Tired of cheerleaders yet, Nicholas? Bet you wish you could fly right about now, huh? Muhahaha!
You saw this coming, didn't you? I bet you did. And you know how I know you saw this coming? Because it's basically the same thing as before with just a minor twist. Repetition. In this day and age of mass media we flock in droves so large that it would make Mecca blush towards the comfort of what we already know. Let's be honest, how else would there be fifteen different cop shows all doing the same plot-lines week after week? Yes, yes, we get it - your plot is a reference to Strangers on a Train. Well, so was nine other cop shows this week. You're not reinventing the wheel, you're just using a muddy replica and bragging about how much it looks like the original. But it's not the original, it's mud. And last time I checked, it doesn't matter how much chocolate you pack into it, it's not going down easy.
The same could be said for horror films, who have made an entire genre out of replication. Saw Ninety-Four, you know the one where there's a game and it turns out that there was another plan going all along. Final Destination Twelve, that one with the shocker where a big event happens in the beginning, and a few people survive before another big shocker happens just before the credits. And of course who can forget the classics like the Friday the 13th series (which would be grossly improved if they would do a cross-genre film with the Friday series)? You know, the one where Jason strolls slowly along before miraculously popping up behind someone just as they turn a corner and are immediately slain (in an appropriately graphic fashion - of course).
Or perhaps it's the onslaught of revenge tales that we endure in the hope (or better said - desire) of violence of the highest order. Really, how many times can the judicial system fail to expedite the process of charging a man who has killed our hero's family member before we get it: "yes, the cops were in on it."
Of course we know you never tire of reading the same ol' rants over and over again (*wink wink*). You know, in all honesty, I'm fine with people wanting a bit of repetition for those things they find most appreciating. Finding something you like without question is rare, especially if you can retain the same adulation even in extreme doses. And it's evidently an aspect people desperately want to embrace. As demonstrated by the many bloggers whose niche writings on particular genre, or counter-genre, films inspires and opens the minds of those less educated, like myself, to films they never would have heard of otherwise. What I'm not open minded with is sole repetition. If you want to spend the next nine hours banging your head over what boils down 'the woman betrayed him' noir tales, I feel you should be equally willing to sneak in a slice of a different flavor every now and then.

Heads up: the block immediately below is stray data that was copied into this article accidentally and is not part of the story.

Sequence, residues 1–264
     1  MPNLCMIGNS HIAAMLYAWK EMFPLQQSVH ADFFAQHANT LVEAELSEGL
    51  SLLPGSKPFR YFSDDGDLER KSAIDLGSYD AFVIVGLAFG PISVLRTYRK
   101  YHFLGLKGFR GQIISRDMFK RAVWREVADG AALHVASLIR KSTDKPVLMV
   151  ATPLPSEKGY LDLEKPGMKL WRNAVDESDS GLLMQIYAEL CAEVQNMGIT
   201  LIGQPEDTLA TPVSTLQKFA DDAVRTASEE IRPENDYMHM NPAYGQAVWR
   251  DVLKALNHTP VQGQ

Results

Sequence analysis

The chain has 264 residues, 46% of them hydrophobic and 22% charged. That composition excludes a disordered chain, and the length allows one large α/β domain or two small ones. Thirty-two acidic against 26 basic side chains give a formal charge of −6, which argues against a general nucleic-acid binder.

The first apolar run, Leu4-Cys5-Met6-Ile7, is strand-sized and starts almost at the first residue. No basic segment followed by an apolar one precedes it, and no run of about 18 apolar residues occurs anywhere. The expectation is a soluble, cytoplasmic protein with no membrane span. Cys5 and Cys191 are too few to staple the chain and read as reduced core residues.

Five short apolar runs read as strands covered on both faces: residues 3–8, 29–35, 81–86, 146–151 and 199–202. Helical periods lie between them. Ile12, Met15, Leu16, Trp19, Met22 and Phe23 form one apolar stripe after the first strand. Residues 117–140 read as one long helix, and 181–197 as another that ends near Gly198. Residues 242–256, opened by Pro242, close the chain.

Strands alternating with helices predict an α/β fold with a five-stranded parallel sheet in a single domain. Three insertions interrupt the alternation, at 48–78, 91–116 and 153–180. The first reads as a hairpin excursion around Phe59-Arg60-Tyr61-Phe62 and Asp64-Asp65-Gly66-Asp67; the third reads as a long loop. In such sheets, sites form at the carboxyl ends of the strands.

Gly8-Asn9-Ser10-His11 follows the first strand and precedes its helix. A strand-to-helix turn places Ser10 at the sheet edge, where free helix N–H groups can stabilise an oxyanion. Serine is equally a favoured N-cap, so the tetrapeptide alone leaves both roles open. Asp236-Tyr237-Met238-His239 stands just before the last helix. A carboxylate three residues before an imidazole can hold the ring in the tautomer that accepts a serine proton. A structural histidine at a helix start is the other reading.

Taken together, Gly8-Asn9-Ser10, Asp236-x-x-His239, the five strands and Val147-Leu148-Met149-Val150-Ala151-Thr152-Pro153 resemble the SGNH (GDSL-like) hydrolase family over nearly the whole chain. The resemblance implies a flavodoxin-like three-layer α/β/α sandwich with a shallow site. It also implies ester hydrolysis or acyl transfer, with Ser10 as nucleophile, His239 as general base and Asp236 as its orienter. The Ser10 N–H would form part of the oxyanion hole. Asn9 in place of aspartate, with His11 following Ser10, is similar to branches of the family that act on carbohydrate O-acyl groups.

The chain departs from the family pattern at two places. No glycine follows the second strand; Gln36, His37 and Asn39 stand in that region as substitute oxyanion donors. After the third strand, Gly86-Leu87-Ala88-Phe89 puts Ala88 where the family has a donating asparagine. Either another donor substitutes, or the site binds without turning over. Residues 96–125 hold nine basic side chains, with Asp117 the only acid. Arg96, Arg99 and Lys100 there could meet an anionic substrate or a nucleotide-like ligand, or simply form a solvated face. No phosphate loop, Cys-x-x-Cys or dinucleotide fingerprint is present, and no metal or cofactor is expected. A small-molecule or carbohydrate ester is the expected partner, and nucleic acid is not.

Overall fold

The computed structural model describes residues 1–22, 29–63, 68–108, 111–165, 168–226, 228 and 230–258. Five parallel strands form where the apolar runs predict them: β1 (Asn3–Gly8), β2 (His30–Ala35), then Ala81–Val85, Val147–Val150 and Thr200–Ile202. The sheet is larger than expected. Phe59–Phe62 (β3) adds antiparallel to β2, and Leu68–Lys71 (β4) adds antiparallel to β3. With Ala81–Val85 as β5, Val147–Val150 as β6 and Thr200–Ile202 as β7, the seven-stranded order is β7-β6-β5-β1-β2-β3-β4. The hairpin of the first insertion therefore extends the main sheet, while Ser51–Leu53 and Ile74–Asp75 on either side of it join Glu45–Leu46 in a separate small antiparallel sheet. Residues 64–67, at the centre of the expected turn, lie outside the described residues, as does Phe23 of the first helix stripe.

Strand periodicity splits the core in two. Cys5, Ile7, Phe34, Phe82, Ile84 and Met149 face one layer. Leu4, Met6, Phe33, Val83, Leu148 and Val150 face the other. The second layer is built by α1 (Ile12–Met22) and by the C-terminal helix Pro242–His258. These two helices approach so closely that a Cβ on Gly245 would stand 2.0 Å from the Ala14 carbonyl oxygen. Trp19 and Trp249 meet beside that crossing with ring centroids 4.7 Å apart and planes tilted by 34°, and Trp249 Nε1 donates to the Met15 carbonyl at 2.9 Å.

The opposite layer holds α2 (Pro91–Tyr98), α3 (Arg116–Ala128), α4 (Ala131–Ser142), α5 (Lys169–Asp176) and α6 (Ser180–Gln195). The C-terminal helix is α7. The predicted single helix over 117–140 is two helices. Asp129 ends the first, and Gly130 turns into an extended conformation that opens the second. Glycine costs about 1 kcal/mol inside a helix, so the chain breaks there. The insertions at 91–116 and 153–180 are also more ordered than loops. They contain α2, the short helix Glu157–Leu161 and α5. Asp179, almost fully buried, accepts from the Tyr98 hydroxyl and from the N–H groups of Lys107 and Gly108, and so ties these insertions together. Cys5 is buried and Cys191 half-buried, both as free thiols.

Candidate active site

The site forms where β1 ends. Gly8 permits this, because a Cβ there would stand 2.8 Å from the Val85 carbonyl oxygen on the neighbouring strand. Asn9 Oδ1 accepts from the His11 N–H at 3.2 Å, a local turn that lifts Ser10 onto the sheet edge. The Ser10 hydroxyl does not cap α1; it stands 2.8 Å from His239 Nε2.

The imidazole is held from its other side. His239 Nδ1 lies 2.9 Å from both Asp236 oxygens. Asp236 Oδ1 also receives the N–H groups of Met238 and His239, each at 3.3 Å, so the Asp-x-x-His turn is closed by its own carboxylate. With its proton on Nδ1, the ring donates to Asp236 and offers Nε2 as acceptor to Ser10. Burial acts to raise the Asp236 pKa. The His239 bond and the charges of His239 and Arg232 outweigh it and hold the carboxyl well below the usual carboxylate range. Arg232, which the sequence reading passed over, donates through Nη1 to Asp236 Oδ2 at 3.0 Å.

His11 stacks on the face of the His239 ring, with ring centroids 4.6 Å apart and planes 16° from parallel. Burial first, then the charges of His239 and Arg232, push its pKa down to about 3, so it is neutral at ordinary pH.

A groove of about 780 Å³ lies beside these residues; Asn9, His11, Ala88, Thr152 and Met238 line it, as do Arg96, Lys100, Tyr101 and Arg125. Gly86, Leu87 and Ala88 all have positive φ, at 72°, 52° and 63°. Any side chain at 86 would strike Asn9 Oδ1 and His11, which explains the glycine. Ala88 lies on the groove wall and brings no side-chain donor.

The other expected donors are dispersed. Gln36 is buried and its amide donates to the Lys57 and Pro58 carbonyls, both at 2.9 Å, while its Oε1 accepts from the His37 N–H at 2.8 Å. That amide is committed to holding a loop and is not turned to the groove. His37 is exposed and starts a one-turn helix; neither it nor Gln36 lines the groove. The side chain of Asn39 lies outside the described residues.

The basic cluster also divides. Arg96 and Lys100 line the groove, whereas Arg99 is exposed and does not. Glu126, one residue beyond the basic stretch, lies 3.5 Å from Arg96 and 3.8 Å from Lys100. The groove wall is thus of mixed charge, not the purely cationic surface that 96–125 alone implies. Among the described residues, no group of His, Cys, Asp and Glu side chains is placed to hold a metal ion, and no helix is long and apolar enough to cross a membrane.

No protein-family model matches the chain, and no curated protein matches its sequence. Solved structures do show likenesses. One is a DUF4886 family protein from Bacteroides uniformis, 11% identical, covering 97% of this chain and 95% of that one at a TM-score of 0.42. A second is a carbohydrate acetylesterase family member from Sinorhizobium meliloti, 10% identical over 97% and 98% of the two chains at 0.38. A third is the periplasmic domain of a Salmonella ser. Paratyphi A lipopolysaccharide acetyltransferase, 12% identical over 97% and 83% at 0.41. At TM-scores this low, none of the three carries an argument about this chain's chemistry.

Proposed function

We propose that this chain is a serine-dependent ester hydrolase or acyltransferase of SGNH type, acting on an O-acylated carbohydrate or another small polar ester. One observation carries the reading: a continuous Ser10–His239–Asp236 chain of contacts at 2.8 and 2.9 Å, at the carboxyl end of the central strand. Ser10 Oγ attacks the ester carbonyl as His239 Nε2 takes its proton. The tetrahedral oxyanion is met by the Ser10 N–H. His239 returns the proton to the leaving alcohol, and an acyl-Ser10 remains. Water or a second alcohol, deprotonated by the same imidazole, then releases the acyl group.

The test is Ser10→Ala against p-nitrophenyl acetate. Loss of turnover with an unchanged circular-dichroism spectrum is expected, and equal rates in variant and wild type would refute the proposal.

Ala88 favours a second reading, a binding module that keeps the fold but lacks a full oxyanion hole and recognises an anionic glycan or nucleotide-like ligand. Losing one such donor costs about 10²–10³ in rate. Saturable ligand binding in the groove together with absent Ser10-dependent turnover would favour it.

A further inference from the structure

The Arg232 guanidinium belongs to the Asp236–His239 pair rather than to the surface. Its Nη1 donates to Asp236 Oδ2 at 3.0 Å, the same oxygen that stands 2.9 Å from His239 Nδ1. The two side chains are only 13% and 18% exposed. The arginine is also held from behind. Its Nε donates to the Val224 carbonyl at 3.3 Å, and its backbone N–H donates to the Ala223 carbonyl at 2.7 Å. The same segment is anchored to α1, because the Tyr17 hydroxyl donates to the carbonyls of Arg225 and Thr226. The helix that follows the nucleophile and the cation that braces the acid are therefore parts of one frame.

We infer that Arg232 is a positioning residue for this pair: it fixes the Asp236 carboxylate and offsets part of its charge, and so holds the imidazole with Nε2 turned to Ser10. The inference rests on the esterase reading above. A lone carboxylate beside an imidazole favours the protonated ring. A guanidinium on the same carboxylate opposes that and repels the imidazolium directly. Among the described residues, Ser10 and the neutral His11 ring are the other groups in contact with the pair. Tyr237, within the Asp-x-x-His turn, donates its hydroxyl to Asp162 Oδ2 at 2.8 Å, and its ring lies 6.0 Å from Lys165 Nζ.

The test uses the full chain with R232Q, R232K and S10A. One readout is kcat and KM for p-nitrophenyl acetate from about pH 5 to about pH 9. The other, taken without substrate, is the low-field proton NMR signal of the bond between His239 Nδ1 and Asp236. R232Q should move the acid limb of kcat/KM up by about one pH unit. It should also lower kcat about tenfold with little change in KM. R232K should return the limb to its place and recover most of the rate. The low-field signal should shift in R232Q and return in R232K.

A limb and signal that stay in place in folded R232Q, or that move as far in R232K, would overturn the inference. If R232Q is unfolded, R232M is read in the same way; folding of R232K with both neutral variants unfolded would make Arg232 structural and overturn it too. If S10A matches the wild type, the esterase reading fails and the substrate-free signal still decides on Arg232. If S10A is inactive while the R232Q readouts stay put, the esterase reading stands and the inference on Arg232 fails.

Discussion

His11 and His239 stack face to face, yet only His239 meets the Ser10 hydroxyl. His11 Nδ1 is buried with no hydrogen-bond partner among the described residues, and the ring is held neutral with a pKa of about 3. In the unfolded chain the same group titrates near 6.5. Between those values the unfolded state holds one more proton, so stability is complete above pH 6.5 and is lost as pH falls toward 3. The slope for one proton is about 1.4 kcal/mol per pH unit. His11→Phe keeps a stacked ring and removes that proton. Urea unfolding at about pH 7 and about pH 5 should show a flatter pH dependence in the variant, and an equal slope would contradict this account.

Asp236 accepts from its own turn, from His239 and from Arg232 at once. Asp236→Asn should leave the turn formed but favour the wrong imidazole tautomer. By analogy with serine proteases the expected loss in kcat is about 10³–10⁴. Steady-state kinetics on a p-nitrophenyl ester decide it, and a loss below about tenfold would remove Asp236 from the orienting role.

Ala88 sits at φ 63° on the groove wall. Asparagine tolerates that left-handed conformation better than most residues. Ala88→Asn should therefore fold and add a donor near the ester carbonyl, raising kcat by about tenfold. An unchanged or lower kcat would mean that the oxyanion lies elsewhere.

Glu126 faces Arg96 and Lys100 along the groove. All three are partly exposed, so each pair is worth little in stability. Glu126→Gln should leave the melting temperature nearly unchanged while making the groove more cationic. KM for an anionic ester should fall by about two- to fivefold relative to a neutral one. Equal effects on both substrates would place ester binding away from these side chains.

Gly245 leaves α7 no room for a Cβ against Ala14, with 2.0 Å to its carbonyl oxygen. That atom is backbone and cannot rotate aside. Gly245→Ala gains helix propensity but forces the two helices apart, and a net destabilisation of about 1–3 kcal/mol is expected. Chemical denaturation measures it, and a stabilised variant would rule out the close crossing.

Now I know it's sacrilegious to recommend someone seek out some things beyond their comfort zone once in a blue moon. Really, what's the point of the internet if I can't drown myself in only things I care about. Well, for those might I recommend Cocoon? Sure, you may not fit the film's narrative, but for all intensive purposes you've wrapped yourself up in one. Unfortunately for you, when your cocoon breaks and you emerge unto the world it is not a butterfly, whose fluttering wings and majestic colors astound, that those around you see it. It is a cockroach, billowing from the most inner dwellings of the human mind. One so shut off that even the most amicable will suffer to prevent the onslaught of embitterment.
But please remember that your mind is capable of amazing things when you challenge it. Trying something new doesn't mean you have to like it. Nor does it mean you have to abandon the things you find most pleasing. You're not cheating, it' not a question of a tangible, human relationship. It's a recognition of the awe to be had, or the disappointment to be felt, when one seeks out something new. One of our most basic human emotions. And one I feel should be cherished, in both good and bad circumstances.
Here endeth the rant.